HGE or HEMORRHAGIC GASTROENTERITIS**--- is particularly dangerous to the toy and smaller breed dogs, although dogs of all ages and breeds can be affected by it. Fever is not usually present in HGE.  Signs of HGE usually begin with a very sudden onset of acute vomiting, anorexia,  followed by severe bloody diarrhea, dehydration and depression,  They progress rapidly, become severe within hours ( usually 8 to 12).   The blood may be bright red (fresh blood) or dark (digested blood). 

The symptoms start with vomiting, lethargy, refusing to eat, and progress to mucous covered stools, loose stools, severe diarrhea and bloody diarrhea. Dogs affected by this condition get very sick, very fast. Any kind of bacterial diarrhea can quickly dehydrate a dog, and the tinies are at greater risk, as they have little weight to lose before they are dehydrated and need IV rehydration. 

Your dog can get infected anywhere. Then it can be from 2-10 days after exposure, that your dog can come down with this problem.  Just as there are no specific tests for HGE, there is no established cause for the illness.  

HGE is most common in toy and miniature breeds of dogs, ages 2 to 4, but can affect any breed, gender and age. The blood count of affected dogs is frequently characterized by an elevated red blood cell count. Most normal dogs have  red blood cell counts of 37-55%, while dogs with HGE may have  red blood cell counts well above 60%. The elevated  red blood cell count provides the veterinarian with an important clue that the dog may have HGE.

At present, the exact cause of this disease is unknown. There are many theories -- diet, a bacterial infection or bacterial toxin, virus, reaction to an intestinal parasite, etc. -- but nothing has been proven. Stress may play a role in the development of HGE. Dogs that have an episode of HGE may be prone to another occurrence. Many dogs never experience HGE.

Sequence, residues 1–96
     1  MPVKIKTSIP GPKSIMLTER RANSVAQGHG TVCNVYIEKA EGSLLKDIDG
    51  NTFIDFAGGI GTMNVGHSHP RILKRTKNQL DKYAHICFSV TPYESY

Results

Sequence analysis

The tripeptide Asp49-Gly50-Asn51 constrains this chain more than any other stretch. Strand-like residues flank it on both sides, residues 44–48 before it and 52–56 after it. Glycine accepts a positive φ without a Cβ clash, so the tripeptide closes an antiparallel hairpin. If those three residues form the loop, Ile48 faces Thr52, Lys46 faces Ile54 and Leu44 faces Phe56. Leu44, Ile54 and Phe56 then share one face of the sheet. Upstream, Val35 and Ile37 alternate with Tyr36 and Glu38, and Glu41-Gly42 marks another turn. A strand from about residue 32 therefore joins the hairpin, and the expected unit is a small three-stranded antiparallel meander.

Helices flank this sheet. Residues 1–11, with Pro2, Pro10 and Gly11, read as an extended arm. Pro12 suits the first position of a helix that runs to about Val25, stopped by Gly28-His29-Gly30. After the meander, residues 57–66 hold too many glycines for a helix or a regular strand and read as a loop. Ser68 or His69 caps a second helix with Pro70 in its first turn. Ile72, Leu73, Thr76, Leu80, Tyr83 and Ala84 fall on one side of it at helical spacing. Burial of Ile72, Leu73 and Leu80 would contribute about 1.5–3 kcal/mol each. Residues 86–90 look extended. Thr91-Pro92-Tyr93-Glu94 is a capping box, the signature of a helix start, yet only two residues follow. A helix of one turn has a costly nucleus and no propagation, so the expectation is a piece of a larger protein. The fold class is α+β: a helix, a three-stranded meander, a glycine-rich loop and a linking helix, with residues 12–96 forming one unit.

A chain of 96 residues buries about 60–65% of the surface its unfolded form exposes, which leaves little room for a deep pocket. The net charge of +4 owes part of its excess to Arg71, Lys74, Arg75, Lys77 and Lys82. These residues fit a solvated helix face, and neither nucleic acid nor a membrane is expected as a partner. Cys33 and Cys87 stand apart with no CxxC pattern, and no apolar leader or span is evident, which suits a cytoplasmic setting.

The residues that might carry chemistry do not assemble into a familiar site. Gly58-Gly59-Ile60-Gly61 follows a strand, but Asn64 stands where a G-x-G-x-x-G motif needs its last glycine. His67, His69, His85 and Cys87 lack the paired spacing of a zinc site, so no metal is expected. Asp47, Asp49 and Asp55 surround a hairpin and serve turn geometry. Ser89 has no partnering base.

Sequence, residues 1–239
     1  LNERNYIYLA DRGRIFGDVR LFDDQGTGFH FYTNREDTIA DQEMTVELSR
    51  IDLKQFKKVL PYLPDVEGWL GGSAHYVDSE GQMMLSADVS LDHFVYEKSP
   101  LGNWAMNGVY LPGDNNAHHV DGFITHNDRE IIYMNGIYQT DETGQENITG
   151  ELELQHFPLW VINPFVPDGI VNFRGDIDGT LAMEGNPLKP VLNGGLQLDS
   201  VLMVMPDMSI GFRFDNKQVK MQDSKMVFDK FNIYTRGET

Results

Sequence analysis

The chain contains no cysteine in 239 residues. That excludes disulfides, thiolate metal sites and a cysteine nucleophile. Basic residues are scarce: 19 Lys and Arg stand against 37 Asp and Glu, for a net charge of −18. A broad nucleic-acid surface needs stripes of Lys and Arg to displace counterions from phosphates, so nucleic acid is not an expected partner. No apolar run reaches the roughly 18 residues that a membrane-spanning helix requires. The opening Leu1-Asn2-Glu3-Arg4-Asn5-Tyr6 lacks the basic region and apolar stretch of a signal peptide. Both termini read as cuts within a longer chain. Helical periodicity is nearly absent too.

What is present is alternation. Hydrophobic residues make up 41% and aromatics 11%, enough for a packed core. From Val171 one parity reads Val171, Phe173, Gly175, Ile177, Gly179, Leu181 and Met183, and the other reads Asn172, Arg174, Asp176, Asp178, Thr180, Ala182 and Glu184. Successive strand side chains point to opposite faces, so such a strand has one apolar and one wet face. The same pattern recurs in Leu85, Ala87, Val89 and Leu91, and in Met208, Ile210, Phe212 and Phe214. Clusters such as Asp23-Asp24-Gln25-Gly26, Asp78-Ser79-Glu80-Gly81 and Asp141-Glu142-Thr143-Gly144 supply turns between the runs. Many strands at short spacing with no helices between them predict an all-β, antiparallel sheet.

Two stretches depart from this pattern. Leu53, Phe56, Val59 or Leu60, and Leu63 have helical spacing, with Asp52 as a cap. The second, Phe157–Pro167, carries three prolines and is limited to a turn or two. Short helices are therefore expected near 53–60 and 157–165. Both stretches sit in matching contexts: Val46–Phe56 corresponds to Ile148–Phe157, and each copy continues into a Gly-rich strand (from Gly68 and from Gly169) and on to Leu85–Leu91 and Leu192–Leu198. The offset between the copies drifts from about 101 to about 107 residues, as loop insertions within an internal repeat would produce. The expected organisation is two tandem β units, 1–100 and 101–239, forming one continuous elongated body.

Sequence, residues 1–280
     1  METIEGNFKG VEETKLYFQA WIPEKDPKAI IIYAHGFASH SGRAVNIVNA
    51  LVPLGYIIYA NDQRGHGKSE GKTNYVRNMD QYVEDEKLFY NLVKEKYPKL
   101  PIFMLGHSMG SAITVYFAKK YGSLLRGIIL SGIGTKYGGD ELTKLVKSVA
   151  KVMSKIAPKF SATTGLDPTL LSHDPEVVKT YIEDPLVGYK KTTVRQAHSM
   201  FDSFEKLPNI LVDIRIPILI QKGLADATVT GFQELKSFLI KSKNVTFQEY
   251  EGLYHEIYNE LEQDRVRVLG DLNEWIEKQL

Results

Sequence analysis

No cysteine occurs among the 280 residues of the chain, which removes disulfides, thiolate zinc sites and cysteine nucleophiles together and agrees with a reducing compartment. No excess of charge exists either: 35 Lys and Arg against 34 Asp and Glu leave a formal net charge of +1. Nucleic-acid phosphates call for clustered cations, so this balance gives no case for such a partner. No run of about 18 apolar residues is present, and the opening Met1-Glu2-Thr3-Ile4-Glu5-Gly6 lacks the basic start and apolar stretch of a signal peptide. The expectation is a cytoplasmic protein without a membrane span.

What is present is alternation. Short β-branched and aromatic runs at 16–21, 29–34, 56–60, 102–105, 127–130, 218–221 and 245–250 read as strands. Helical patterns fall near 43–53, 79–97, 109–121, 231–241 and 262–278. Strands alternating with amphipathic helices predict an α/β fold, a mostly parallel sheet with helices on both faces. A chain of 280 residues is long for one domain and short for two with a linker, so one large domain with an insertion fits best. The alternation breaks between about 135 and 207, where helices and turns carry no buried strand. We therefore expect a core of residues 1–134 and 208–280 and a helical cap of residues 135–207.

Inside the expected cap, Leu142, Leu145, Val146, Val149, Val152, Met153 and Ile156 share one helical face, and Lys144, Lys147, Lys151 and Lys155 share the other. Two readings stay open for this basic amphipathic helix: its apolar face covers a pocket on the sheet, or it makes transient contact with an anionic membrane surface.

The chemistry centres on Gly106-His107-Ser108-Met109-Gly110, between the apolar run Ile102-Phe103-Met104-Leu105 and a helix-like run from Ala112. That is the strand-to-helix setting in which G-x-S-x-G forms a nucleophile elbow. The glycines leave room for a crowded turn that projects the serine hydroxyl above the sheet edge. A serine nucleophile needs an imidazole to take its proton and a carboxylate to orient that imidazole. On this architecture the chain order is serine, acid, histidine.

The main treatment for HGE is intravenous fluid replacement to restore hydration.  If intravenous fluid therapy is not given, the dog's red blood count will continue to elevate due to dehydration.  Eventually, the blood may become so thick that the flow through the blood vessels gets very slow.  If this happens it is possible for the dog to get a potentially fatal clotting disorder called, disseminated intravascular coagulation (DIC).  Once this happens, it is often irreversible and may result in death for the animal.  In some cases it is necessary to give plasma to correct loss of protein and antibiotics to combat the suspected Clostridium infection, or blood transfusions may be needed if blood loss is severe.. In a few dogs, it is necessary to give fast acting cortisones to counter shock, which is a problem due to the very rapid onset of dehydration in dogs with HGE.  It is generally necessary to totally restrict oral food and water for one or two days when treating this problem. This makes hospitalization necessary for several days for most dogs with HGE.  Relatively large doses of fluids are usually needed to replace fluids lost into the intestinal tract and to reverse shock, if present. Fluids are continued as long as the diarrhea persists.   Antibiotics are used because many times bacteria may be a causing factor.  Most animals with HGE recover fully with prompt treatment.  Recurrences are possible, but they are not common.

Since the cause of HGE is not completely understood, at present no known preventive measures exist


DO NOT waste time, especially with the tiny toy dogs , as they do not have the spare fluids to lose thru diarrhea, especially bloody diarrhea.





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Mystic Moon Yorkies
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